Biting flies that congregate on the teat ends of heifers are more than just a nuisance.
"Research has shown that horn flies transmit mastitis-causing bacteria as they feed on teat ends, causing lacerations of the tissue," say Dr. Stephen Nickerson, professor of animal and dairy science at the University of Georgia, and Dr. William Owens, professor at Louisiana State University Agricultural Center. "Such lesions become an ideal place for bacteria to colonize and eventually enter into the developing udder."
In fact, the incidence of mastitis infection is 70% in heifers with teat scabs and abrasions caused by flies, compared to 40% in heifers without these problems.
The good news is that mastitis infections can be minimized with appropriate fly control. Researchers have examined ways to do this.
In one study conducted during the spring and summer in Louisiana, insecticide tail tags reduced fly populations by 60% during the first two months after placement. Animals fitted with tags also had a lower incidence of new intramammary infections during the first two months after placement compared to controls.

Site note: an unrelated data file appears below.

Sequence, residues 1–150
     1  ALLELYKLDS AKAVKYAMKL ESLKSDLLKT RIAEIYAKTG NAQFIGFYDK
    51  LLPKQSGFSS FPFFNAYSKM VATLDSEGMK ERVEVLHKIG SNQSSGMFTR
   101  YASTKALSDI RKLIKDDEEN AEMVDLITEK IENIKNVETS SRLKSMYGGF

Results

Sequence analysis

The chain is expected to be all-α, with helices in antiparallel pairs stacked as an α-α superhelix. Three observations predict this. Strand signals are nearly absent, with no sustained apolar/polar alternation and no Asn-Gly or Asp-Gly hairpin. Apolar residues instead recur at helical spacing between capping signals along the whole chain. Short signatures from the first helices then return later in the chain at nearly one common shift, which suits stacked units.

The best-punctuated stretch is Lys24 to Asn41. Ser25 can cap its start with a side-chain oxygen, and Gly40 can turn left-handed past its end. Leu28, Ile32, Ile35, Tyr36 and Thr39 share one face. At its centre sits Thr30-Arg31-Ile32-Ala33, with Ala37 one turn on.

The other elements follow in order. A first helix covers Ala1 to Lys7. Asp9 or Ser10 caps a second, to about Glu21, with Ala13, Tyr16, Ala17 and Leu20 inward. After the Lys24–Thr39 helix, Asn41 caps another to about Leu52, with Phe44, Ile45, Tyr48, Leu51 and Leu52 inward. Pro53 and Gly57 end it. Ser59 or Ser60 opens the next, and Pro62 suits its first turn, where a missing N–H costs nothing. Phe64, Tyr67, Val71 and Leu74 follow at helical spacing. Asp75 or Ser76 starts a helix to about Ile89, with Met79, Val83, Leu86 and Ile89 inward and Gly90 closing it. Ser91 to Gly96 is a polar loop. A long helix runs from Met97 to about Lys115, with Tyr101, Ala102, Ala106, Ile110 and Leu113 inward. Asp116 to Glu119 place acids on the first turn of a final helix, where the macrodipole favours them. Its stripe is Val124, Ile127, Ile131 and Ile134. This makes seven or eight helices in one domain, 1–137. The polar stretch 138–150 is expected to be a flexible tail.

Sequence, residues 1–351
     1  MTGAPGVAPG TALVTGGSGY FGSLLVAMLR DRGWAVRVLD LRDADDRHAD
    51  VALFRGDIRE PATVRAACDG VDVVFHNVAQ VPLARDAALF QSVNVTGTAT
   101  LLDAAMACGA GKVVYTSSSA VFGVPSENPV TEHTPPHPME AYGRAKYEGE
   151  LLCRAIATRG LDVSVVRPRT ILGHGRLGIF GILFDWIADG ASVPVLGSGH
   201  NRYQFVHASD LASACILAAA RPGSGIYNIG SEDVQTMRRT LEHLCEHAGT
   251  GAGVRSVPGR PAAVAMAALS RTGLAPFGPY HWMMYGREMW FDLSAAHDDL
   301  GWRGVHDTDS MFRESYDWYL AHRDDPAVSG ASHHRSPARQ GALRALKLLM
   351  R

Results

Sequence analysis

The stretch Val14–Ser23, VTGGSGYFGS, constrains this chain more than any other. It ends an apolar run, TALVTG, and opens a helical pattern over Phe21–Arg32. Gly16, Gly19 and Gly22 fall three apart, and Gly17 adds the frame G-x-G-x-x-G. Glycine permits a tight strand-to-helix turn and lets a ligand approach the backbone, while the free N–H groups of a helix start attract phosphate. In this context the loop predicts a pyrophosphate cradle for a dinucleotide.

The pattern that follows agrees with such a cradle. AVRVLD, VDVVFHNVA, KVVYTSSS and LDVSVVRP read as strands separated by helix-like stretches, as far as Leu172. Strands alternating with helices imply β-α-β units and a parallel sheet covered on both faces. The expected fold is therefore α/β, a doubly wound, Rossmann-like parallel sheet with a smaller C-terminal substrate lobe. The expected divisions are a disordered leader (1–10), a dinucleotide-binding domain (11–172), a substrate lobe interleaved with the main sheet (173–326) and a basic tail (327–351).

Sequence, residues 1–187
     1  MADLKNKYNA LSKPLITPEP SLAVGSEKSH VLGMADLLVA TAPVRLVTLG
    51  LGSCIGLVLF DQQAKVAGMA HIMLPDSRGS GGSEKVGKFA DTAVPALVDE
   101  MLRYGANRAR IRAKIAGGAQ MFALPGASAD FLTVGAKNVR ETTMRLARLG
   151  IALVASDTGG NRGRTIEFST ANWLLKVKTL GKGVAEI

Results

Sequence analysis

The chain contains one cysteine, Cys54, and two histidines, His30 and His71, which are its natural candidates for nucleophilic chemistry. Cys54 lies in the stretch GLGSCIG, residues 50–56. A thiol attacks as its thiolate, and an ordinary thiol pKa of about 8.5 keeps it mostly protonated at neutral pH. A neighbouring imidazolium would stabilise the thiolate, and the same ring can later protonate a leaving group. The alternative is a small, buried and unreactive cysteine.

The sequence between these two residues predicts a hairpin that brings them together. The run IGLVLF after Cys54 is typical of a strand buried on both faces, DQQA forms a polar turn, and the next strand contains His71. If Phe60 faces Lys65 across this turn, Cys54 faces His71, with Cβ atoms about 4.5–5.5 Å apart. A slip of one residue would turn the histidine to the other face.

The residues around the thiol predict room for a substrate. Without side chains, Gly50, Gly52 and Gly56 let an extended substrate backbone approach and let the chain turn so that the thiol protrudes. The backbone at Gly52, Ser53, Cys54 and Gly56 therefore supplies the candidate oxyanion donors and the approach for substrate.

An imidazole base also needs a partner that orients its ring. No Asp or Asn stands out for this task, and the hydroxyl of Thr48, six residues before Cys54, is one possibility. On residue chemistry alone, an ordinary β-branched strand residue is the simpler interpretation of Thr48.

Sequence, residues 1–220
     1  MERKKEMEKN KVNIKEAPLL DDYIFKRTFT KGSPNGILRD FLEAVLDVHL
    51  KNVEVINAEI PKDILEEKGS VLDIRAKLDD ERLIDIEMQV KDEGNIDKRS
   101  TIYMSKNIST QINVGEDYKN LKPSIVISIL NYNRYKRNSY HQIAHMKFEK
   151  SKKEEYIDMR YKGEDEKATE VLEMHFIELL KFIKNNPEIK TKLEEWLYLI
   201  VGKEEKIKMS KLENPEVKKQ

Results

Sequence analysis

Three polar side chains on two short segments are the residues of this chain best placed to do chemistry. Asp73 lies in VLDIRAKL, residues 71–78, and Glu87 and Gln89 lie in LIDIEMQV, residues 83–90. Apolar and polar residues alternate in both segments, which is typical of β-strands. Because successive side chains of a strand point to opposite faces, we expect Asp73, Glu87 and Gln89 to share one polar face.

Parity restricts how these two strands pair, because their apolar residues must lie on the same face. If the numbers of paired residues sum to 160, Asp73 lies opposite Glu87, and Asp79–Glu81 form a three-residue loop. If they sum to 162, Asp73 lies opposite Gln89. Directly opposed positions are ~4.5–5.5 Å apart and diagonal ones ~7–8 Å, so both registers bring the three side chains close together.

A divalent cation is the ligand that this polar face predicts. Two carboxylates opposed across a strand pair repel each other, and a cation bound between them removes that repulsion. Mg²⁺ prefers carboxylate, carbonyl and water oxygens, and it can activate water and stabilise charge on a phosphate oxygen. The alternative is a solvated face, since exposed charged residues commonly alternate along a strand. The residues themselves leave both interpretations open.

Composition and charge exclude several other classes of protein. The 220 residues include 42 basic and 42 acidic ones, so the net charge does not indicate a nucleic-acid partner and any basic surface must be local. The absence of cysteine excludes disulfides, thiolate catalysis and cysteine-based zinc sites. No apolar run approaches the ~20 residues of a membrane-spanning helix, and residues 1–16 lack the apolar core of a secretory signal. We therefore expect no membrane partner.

"In animals with tags, the incidence increased from 8.6 to 15% over two months, while incidence increased from 17.2 to 52.4 % in controls," say Nickerson and Owens.
Keeping the incidence of heifer mastitis under control is important to future milk production.
"Louisiana researchers found that if bred heifers infected with Staphylococcus aureus were left untreated, they produced 10% less milk in early lactation than those receiving therapy," say Nickerson and Owens.
The DCHA Gold Standards II advocate for practices that control internal and external parasites, such as pesky biting flies. Control measures will vary based on your geography, so be sure to consult with your herd veterinarian for appropriate fly-control measures to use on your operation.